To the Winner

(Photo: Sarah Thomas)


Often times, it’s all about those who didn’t win. “Keep trying” and “There’s always next year” are phrases designed to comfort those that didn’t win. There is an ongoing debate of “everyone gets a trophy.” Everyone always offers support to that person without the high honor.

Well, winner, I’m speaking to you. Whether it was first place in the school spelling bee, first team honors, an A on a test, or in this case, first place at the county fair.

First and foremost, to quote my favorite movie of all time:

“Great, kid! Don’t get cocky.” – Han Solo

You’re going to be proud. There will be pictures, handshakes, smiles, laughs, and hugs from mom and grandma. People that you have never seen before will come up to you and strike up conversation, just because you have the purple rosette. Don’t let it get to your head. The next step is not solving the world’s problems.

Don’t get me wrong, winning is awesome. My first experience in winning came in 2008. I had the Grand Champion Dairy Beef Feeder at the Hardin County Fair. I was 9 years old, and that calf beat all of the odds. A hernia the size of a softball had been operated just months before. Dr. Kearns said he thought it’d hold, but he couldn’t be sure. The calf was in quarantine, and didn’t eat well for the longest time. (At the time, we could only bring one animal, and the other one I had in the barn was completely nuts.) And yes, I’ve been on the other end of the spectrum. The very next year I stood next-to-last in my class with the better of my steers.

What I’m about to tell you is the part no one mentions. There is one cold hard stare. You know how you can just tell when someone is looking at you? That stare seems to pierce your very being? Amplify that, and you’ll have the stare of the person who thought they had it. There is one person in that barn that thought they had the whole thing in the sack. They had a spot dusted for the trophy, a nail driven for the sign, and a cake baked for the cookout planned in celebration. And you beat them.

There will be whispers. People will watch you out of the corner of there eyes, as they mutter a slue of insults, speculations, and false ideas. Kind folks that you viewed as your friends, colleagues, and mentors will suddenly turn cold, distant, and silent.

Rumors will be spread, and nasty things will be said. You’ll be accused of cheating, rigging, schmoozing, hiring trainers, and everything else in the book. You have two options from that point.

  1. React. Give them what they want, lash out and defend yourself, your animal, and your reputation.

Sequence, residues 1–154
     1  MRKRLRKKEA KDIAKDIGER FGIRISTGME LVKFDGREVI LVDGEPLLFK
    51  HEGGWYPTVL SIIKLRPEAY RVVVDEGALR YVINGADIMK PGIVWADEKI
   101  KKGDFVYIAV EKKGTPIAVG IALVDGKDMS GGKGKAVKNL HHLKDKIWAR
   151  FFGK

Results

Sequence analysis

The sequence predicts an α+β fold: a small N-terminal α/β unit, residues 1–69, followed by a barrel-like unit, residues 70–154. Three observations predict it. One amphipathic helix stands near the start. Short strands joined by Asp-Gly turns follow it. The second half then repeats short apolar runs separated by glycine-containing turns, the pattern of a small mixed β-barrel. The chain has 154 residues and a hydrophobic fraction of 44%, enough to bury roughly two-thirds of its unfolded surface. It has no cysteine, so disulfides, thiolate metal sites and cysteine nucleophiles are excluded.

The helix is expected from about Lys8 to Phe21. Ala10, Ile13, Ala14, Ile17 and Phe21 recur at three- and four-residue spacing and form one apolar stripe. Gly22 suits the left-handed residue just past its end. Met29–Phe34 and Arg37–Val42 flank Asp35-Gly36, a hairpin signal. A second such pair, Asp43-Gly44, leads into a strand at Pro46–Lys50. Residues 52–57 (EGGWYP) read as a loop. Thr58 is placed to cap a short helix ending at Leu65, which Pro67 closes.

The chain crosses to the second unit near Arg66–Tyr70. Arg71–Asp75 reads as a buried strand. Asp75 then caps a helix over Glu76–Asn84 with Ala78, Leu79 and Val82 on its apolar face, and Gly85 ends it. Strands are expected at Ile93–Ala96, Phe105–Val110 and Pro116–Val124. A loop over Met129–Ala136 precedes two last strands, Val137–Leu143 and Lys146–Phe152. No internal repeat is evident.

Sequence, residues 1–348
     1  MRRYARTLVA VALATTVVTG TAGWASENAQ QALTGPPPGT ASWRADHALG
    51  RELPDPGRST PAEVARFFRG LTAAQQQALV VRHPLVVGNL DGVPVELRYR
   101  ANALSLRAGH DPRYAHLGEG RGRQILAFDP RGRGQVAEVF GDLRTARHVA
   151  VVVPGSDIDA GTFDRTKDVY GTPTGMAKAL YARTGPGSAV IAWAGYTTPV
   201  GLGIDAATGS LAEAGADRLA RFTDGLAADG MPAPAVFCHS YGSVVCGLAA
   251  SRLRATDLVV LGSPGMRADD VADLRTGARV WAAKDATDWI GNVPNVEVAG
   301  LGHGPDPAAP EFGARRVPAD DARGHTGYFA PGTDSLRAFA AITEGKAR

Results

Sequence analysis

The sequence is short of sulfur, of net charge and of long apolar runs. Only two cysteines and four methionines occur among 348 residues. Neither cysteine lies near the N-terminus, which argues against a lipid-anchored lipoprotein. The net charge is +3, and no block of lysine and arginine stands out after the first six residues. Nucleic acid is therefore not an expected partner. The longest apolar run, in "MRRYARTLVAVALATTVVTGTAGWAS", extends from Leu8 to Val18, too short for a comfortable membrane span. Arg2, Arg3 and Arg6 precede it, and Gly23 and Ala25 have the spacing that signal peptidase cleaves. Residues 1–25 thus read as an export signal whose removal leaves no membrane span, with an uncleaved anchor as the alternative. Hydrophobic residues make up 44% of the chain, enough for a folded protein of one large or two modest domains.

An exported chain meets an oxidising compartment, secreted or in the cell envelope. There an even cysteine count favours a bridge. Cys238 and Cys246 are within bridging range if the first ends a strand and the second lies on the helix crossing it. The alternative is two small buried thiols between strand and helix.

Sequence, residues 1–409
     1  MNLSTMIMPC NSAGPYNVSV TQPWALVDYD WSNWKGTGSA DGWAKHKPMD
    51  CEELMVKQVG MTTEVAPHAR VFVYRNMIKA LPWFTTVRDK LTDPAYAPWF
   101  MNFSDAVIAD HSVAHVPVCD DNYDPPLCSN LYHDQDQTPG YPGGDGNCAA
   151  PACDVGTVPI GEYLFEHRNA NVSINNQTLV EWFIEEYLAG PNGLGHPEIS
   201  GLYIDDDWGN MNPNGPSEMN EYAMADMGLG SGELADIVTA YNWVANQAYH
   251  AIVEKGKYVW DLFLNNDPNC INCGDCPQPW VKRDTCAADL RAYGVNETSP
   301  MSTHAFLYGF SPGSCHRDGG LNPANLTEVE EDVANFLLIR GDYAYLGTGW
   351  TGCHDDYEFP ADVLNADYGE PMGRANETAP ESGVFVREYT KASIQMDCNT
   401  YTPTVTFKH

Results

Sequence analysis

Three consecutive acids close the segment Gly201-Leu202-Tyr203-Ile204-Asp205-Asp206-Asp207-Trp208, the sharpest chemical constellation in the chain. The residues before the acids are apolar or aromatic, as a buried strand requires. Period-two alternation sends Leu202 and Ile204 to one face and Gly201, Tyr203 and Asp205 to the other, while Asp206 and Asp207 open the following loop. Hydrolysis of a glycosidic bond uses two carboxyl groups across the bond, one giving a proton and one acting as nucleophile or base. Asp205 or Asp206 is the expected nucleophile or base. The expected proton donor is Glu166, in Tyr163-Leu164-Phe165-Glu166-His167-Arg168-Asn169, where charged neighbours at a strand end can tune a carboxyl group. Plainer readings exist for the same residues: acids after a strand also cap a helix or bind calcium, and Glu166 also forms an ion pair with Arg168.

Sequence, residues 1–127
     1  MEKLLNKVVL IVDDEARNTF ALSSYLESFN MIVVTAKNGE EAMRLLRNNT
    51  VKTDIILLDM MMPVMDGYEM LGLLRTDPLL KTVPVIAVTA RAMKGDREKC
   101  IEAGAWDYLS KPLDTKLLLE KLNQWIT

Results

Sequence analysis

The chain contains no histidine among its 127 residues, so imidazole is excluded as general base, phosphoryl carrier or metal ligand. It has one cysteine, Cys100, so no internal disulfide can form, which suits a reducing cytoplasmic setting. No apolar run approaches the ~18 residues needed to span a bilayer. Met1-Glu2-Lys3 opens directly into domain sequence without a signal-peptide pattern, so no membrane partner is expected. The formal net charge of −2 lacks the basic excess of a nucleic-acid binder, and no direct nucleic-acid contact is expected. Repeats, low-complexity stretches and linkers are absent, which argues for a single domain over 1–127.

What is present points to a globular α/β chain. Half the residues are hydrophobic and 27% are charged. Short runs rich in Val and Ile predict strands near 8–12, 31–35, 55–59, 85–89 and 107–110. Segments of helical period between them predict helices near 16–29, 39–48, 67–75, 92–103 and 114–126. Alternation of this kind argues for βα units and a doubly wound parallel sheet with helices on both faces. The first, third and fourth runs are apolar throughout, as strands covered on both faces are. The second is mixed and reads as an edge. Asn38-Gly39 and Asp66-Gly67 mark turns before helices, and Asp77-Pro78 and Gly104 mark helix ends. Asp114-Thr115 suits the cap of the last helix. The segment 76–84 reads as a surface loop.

2. Smile. Grin and bear it. Let it fuel your fire, and come back the next year and do it again.

My humble advice? Ignore the ice cold stare and pay no attention to the rumors. Just keep doing you. Keep showing, roll into the fair next year and as everyone stares you down – practically slobbering like hungry dogs – waiting to see what you back off of that trailer. Just stall your animal, and make it your own.

I’m often asked my advice in making a winner. People ask me how I feed, how I pick, how I break, and about everything else. The answer is a simple one. Do what works for you. The key word? YOU! Not your parents, siblings, grandparents, aunts, or uncles. There is one road to success, and thats hard word from only YOU! Doug Phillips, one of my earliest mentors, said this quote. I borrowed it when I spoke with Joel Penhorwood of Ohio Ag Net & Ohio’s County Journal in this story.

“The champion’s made while no one is watching.” – Doug Phillips

So winner, congratulations. You have a target on your back, and a sparkle in your eye. Will you take the easy way out and let them dull your sparkle? Or will you tough it out take the stabs to the back to keep winning?

The choice is yours. Keep doing you.

One thought on “To the Winner

  1. Well said, Mr. Buchenroth.

    It’s not a pleasant thought—someone disliking you because of your success—but it’s one we all face eventually, and you hit the nail on the head: we can’t let what others say determine how we think about ourselves, and we should never, ever be shamed of what we have honestly achieved.

    But we also can’t give in to the temptation to tell others just how hard we’ve worked and exactly why we deserve to win, because that’s not our job. Our job is to show them. And hopefully, inspire them.

    It’s a difficult subject, but an important one, which you are very qualified to address. Thank you for sharing your point of view on something that means a lot to you.

    I believe, like you, in the winners. The people who take last year’s loss and turn it into this year’s win. And I believe that each of us can be one.

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